Monday, September 17, 2007

Trip to England

There is so much history. Thousands of years of history. Gee whillakers! Do you have any idea how many millions, billions, of tons of stone the Brits crated up and carted home from all over the empire? It's mind boggling.

The Egyptian wing of the British Museum in London.

We started in Bath, toured through the countryside of the Cotswolds, visited Blenheim Palace where Churchill was born, went to Stratford-upon-Avon where Shapespeare was born, wandered through Oxford, and spent two jam-packed days in London.

Arlyngton Row. I haven't figured out how they're related to Arlington Cemetery yet, but apparently this row of houses, or the owner, are another connection to our history books.

St. Paul's Cathedral is absolutely stunning. It was one of my favorite memories. I nearly missed Holman Hunt's painting "The Light of the World." The painting has been a key image in my own journey into knowing God I would have been devastated to have discovered later that I missed it. Standing in front of it was incredible. No reproduction even comes close to the original.

I nearly missed it because my husband called me across the room to see a memorial to some ship captain who fought bravely in some battle until he was "shot through the heart." End of memorial.

My other most amazing moment was in the Bodelian Library in Oxford. It's a bit like the Library of Congress here, has copies of all the books printed in the UK. Tunnels full of books underneath the streets. There was an exhibit of Italian writers. First edition, hand lettered and illustrated, copies of Dantes’ Divine Comedy, Plutarch’s Lives, and Boccaccio’s Decameron. It's odd the things that move the emotions sometimes. I was standing in front of a 1400s copy of the Decameron and tears came to my eyes. I've never even read the Decameron and I'm standing in front of it crying. I knew what it was and that he was Dante's teacher. Such emotion rose up in me. It was something to see for sure.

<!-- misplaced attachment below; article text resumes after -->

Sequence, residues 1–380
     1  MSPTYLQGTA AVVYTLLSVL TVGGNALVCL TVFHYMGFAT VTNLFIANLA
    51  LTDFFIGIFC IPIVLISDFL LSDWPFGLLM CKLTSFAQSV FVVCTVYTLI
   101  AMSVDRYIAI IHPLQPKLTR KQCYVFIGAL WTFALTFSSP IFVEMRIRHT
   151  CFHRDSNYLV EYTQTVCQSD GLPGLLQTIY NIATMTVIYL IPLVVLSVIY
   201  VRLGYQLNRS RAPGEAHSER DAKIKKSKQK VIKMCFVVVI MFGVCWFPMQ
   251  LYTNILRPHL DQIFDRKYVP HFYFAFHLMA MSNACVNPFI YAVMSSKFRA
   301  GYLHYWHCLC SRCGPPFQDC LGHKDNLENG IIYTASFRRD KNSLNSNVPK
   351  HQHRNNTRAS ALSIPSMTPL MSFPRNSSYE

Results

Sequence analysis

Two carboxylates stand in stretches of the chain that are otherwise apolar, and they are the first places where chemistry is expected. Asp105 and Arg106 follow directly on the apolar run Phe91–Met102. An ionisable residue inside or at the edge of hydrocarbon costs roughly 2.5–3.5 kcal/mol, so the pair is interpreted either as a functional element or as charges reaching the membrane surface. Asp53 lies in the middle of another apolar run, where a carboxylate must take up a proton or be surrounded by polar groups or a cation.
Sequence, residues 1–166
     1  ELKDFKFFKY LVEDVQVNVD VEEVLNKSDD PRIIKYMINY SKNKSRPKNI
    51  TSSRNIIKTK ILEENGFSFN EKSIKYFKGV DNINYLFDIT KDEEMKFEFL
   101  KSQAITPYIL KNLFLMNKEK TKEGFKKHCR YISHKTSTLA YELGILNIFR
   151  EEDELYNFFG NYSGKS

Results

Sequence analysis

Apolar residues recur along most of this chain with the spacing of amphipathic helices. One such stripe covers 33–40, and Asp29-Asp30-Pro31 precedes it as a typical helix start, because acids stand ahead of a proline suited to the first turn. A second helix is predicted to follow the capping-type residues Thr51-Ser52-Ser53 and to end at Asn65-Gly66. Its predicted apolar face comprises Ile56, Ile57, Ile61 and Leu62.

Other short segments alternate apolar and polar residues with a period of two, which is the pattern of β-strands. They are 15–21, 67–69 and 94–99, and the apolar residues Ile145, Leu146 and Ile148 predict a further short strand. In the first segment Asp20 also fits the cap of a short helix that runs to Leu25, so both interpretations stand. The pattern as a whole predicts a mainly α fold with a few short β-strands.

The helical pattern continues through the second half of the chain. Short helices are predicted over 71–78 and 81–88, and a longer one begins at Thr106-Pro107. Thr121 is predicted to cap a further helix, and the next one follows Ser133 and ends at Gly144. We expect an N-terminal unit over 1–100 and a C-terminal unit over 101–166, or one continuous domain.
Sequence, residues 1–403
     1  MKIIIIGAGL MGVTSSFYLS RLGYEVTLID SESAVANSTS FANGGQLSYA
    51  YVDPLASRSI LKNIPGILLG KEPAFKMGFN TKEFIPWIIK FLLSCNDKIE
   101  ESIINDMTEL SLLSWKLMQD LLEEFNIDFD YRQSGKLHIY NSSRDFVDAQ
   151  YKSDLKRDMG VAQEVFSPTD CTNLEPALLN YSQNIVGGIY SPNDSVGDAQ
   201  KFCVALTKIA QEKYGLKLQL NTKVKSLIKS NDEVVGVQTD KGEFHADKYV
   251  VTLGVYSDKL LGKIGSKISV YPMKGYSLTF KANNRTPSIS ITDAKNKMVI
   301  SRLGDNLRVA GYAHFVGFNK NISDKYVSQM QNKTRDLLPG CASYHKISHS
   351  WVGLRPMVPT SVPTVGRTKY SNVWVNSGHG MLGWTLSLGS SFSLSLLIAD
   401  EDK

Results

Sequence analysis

There was flooding in the countryside for weeks before we arrived. One little village we stayed in had many businesses closed because of so much damage. A school at the end of the street also had lots of damage. The dumpster on the curb was full of waterlogged debris. On top of the pile were a bunch of books. It was near dusk, so Cliff and I lifted the lid and plundered through the school books. I came home with an 1896 copy of Twelfth Night that I pulled out of the rubbish bin. In good shape.

My American friend who lives in London laughed and said, "You know they say 100 miles is a long way in England and 100 years is a long time in the States." I guess she's right, but it's still pretty amazing to me.

I've wanted to go to England since I missed out on the college choir tour back in the 70s. It was worth the wait.